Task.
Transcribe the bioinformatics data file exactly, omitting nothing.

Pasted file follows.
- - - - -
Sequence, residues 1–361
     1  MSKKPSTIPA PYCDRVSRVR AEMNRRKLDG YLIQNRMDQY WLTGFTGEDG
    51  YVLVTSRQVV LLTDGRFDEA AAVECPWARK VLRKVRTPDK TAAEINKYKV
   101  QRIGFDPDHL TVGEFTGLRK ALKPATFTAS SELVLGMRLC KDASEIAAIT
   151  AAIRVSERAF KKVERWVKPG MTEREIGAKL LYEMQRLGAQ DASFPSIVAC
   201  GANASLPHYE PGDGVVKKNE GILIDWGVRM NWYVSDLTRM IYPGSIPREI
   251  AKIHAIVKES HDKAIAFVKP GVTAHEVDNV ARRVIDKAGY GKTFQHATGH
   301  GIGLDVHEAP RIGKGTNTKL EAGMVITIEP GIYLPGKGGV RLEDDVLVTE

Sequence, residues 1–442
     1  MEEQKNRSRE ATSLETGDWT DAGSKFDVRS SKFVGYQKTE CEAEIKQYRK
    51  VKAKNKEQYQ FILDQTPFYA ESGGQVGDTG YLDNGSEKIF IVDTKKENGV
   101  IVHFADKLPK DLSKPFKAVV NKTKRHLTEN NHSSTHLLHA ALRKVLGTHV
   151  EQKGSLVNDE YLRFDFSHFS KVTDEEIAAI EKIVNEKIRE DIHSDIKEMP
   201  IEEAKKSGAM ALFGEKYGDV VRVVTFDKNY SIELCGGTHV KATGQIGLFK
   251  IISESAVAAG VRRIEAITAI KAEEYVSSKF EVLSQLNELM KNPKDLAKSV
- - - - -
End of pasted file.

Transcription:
Sequence, residues 1–361
     1  MSKKPSTIPA PYCDRVSRVR AEMNRRKLDG YLIQNRMDQY WLTGFTGEDG
    51  YVLVTSRQVV LLTDGRFDEA AAVECPWARK VLRKVRTPDK TAAEINKYKV
   101  QRIGFDPDHL TVGEFTGLRK ALKPATFTAS SELVLGMRLC KDASEIAAIT
   151  AAIRVSERAF KKVERWVKPG MTEREIGAKL LYEMQRLGAQ DASFPSIVAC
   201  GANASLPHYE PGDGVVKKNE GILIDWGVRM NWYVSDLTRM IYPGSIPREI
   251  AKIHAIVKES HDKAIAFVKP GVTAHEVDNV ARRVIDKAGY GKTFQHATGH
   301  GIGLDVHEAP RIGKGTNTKL EAGMVITIEP GIYLPGKGGV RLEDDVLVTE

Sequence, residues 1–442
     1  MEEQKNRSRE ATSLETGDWT DAGSKFDVRS SKFVGYQKTE CEAEIKQYRK
    51  VKAKNKEQYQ FILDQTPFYA ESGGQVGDTG YLDNGSEKIF IVDTKKENGV
   101  IVHFADKLPK DLSKPFKAVV NKTKRHLTEN NHSSTHLLHA ALRKVLGTHV
   151  EQKGSLVNDE YLRFDFSHFS KVTDEEIAAI EKIVNEKIRE DIHSDIKEMP
   201  IEEAKKSGAM ALFGEKYGDV VRVVTFDKNY SIELCGGTHV KATGQIGLFK
   251  IISESAVAAG VRRIEAITAI KAEEYVSSKF EVLSQLNELM KNPKDLAKSV